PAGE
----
Investigating how species evolve and adapt to their changing environments
Research in this area examines the evolutionary processes that generate biodiversity. Natural selection is responsible for the differences we see between males and females, it drives speciation, and affects how species adapt to their environments. Through the Centre for Evolutionary Biology, we look at species from the tiniest single celled algae to large, multicellular organisms including humans. The Centre's research specialties include sexual selection, acoustic signaling, predator-prey interactions, visual ecology, sperm form and function, chemical ecology, population genetics, phylogenetic comparative analysis and the genetic mapping of complex traits. Our research is supported by strong partnerships with industry and government organizations such as the WA Museum and HELIX Molecular Solutions.
Human interference in the natural world, through habitat fragmentation, loss and climate change, continues to cause major environmental perturbations. Building upon our understanding of evolutionary processes, UWA’s multidisciplinary research seeks to understand how anthropogenic disturbance will affect evolutionary change in animals and plants.
Centre for Evolutionary Biology
The Centre for Evolutionary Biology is a UWA Centre of Excellence, delivering excellence in research and research training. We adopt a multidisciplinary approach to exploring selective processes acting on the morphological and life-history traits of whole organisms and their gametes.Find out more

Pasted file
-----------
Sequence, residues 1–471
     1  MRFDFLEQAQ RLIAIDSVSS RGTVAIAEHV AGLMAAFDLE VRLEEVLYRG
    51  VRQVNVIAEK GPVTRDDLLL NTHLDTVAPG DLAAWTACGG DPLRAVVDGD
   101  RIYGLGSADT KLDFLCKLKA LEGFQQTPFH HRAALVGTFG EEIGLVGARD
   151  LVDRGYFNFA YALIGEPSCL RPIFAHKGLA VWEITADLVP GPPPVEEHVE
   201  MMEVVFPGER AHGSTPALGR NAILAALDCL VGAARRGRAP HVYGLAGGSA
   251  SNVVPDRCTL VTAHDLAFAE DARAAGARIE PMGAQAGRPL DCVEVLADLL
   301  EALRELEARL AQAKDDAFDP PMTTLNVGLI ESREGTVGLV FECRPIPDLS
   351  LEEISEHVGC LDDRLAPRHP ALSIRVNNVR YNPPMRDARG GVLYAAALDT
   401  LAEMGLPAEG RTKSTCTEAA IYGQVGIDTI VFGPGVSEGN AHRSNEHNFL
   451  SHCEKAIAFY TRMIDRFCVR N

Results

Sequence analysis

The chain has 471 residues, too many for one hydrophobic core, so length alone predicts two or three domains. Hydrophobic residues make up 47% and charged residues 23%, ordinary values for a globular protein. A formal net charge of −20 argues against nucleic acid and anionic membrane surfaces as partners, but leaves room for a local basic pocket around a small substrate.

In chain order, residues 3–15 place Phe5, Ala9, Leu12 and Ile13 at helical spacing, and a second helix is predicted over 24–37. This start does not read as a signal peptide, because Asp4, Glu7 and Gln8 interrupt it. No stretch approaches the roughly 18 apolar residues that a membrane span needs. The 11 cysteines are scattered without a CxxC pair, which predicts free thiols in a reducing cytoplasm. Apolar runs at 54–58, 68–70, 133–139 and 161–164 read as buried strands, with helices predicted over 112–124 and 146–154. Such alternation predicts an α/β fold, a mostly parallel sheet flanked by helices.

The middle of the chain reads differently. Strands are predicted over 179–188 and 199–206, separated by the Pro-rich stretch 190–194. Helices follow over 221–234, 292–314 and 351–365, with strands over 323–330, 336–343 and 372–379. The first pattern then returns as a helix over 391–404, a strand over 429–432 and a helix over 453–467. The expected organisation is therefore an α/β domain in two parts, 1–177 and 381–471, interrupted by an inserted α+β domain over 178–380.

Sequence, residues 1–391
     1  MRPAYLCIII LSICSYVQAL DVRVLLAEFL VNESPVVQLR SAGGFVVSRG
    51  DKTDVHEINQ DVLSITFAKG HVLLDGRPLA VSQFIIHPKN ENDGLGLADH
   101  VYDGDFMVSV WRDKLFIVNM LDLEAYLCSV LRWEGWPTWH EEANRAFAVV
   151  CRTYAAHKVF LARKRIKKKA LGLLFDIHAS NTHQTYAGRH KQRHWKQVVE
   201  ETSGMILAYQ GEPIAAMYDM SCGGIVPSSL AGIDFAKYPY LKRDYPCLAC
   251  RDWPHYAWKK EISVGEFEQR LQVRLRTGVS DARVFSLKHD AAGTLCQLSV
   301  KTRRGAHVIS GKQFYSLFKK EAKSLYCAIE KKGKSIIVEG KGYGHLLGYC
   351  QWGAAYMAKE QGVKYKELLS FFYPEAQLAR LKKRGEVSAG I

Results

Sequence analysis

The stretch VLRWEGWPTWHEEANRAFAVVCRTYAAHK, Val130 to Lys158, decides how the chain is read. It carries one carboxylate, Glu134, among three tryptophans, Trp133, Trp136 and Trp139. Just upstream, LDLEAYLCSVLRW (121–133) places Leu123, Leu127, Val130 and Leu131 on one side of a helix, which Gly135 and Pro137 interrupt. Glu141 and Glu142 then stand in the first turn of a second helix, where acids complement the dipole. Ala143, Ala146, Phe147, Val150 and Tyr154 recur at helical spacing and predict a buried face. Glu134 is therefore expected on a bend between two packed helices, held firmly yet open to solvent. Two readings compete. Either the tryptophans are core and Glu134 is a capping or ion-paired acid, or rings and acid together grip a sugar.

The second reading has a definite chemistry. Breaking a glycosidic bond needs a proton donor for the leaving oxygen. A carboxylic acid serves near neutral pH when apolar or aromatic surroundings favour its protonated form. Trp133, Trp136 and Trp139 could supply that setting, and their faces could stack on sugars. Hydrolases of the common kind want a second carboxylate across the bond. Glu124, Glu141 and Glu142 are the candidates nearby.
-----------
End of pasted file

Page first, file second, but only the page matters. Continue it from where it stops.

For more information about our work and current projects, contact our key researchers:
View a list of our current PhD research projects in Evolutionary Biology below.
Understanding sperm-egg interactions in broadcast spawning marine invertebrates
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Cooperative male dolphins match the tempo of each other's calls
A team of researchers from The University of Western Australia and the University of Bristol has found that when it comes to working together, male dolphins coordinate their behaviour just like us.Read more
Survival of Australian species hinges on working together
When faced with unfavourable environmental conditions, rodent species are likely to form social groups and work cooperatively, according to a new study by researchers at The University of Western Australia.Read more
Like moths to a colourful flame
A nocturnal moth may be using its colourful wing patterns to attract a female mate, according to new research led by The University of Western Australia and the Adolphe Merkle Institute in Switzerland.Read more
Contact the School of Biological Sciences
For more information, contact Professor Leigh Simmons.
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